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U.S. Construction Labor Productivity Trends, 1970–1998

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Abstract

Construction productivity trends carry immense consequences for the economy as a whole. However, there is little scholarly consensus concerning even the direction of such trends. The main objectives of this paper are to (1) present an approach to studying long-term productivity trends in the U.S. construction industry; and (2) provide a preliminary indication of such trends over the past 25-30 years. Subsequent, extended statistical studies are suggested that may be based on the approach of the selected work presented here. Labor cost and output productivity trends are tracked for tasks that represent different trades and differing levels of technological intensity within the building construction sector. Specific tasks dealt with a range from a zero technology impact task, such as hand trenching, to compaction with a sheepsfoot roller. Means's cost manuals were used to trace the benchmark values for these tasks. These values reflect productivity trends. Unit labor costs in constant dollars and daily output factors were compared over decades for each task. Direct work rate data from 72 projects in Austin, Tex., over the last 25 years were also examined. Increasing the direct work rate usually increases construction productivity. The combined data indicate that productivity has increased in the 1980s and 1990s. Depressed real wages and technological advances appear to be the two biggest reasons for this increase. The data also indicate that management practices were not a leading contributor to construction productivity changes over time. Subsequent studies are required to add weight to these observations and can be based on the approach presented here.
... Table 1 aims to summarize the main work categories used in WS literature. Thomas (1991) Direct Work Indirect Work Lee et al. (1999) Value-added Non-value added but necessary Non-value added and unnecessary Allmon et al. (2000) Productive According to the terminologies identified in the WS literature, the term DW has been used in all the different classifications for WS application without exception. Some authors (Allmon et al., 2000) included activities in the DW category such as holding material, measurement, and inspections, traditionally considered IW (Ohno, 1988). ...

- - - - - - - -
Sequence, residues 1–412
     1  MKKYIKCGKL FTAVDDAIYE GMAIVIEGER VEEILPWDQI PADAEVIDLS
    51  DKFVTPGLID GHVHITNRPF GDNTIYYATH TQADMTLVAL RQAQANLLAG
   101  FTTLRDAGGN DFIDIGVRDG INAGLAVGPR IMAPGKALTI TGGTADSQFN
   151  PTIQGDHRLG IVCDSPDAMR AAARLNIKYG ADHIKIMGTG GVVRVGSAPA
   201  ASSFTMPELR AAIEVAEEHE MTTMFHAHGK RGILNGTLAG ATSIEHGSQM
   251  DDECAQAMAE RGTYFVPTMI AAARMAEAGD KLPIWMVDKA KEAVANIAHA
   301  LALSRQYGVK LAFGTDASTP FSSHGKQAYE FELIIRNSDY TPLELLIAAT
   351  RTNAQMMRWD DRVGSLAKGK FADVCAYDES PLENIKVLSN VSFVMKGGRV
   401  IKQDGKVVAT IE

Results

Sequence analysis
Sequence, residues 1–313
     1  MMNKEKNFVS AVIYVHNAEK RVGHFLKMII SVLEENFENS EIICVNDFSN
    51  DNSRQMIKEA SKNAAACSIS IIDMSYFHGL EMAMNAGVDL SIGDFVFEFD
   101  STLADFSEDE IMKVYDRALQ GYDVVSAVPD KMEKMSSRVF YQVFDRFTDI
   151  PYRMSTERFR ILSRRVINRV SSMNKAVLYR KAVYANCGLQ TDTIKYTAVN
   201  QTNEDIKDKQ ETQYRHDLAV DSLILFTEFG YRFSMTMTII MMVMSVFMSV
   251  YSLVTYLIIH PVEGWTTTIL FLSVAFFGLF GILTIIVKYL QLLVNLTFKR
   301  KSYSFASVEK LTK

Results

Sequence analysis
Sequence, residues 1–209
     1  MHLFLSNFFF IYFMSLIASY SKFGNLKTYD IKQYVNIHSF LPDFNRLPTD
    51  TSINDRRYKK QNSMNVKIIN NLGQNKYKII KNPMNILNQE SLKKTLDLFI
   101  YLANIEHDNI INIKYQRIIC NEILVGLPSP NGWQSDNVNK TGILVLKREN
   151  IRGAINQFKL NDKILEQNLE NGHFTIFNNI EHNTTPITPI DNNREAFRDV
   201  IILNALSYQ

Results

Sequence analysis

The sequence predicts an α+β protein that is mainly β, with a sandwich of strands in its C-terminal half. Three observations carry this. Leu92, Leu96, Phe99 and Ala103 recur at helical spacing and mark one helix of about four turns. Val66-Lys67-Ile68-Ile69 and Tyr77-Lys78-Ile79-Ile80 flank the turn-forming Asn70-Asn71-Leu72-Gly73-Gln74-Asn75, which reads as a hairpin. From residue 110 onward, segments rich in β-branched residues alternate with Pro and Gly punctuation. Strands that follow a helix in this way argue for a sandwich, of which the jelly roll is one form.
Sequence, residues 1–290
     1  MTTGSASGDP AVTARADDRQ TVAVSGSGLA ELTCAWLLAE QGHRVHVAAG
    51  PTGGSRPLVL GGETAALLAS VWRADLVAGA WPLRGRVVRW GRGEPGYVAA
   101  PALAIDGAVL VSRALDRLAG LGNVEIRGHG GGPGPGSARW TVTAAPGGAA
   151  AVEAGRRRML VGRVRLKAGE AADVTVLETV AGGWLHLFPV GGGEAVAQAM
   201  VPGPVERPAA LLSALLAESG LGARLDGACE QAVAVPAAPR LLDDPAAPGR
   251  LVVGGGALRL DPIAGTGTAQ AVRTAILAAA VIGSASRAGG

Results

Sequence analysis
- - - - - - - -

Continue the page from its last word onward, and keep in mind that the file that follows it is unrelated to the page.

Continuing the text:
... Thomas (1991) Direct Work Indirect Work Lee et al. (1999) Value-added Non-value added but necessary Non-value added and unnecessary Allmon et al. (2000) Productive According to the terminologies identified in the WS literature, the term DW has been used in all the different classifications for WS application without exception. Some authors (Allmon et al., 2000) included activities in the DW category such as holding material, measurement, and inspections, traditionally considered IW (Ohno, 1988). The IW category represents the category that has been broken down into most subcategories. ...
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... The integration of these two techniques would solve the laboriousness of acquiring georeferenced TLS data and overcoming the reduced accuracy of SLAM. It would add even more productivity and quality as the new technologies have done during past years for construction [29,30] This study aims to introduce a novel strategy for the registration of non-overlapping TLS data with the support of SLAM LS data in order to collect geometrically coherent building interior data. This enables more effective data collection in large and complex buildings because it is possible to prioritize spaces according to their need for point cloud accuracy. ...
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